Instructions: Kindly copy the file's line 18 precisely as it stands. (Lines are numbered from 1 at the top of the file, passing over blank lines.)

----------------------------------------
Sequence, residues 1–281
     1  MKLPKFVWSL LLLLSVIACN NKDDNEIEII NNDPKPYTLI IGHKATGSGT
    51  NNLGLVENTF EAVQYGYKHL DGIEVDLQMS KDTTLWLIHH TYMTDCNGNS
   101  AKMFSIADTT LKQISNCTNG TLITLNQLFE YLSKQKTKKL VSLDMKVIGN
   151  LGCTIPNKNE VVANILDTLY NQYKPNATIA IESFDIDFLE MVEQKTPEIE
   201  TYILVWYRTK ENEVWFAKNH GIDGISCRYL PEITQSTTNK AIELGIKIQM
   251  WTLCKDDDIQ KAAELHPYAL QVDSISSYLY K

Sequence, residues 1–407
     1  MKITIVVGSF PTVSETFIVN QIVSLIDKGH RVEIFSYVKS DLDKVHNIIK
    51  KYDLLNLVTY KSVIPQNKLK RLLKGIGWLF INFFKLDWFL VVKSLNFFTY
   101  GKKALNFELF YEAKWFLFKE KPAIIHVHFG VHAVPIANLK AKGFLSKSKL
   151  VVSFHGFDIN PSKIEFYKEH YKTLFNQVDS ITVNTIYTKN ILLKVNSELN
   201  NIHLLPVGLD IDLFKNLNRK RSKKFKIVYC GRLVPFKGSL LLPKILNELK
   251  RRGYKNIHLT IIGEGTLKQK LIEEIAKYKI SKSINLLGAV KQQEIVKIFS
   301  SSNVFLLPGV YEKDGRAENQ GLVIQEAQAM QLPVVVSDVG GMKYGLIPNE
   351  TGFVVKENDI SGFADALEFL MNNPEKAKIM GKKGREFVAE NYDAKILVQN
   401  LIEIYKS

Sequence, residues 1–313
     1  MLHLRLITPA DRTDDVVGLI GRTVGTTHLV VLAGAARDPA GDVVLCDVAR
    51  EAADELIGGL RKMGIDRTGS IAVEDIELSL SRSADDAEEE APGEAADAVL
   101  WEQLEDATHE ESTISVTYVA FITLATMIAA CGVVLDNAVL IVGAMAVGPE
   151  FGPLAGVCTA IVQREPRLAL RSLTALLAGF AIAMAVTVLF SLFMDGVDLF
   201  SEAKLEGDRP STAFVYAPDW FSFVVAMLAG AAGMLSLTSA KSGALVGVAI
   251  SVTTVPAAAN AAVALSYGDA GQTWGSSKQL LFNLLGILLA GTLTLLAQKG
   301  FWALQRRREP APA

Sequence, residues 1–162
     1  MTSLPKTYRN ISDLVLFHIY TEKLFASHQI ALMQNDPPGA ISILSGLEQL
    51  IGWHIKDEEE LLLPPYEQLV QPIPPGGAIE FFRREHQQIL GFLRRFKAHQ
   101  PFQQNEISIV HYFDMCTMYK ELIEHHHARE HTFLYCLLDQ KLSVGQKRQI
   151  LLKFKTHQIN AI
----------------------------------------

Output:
Sequence, residues 1–313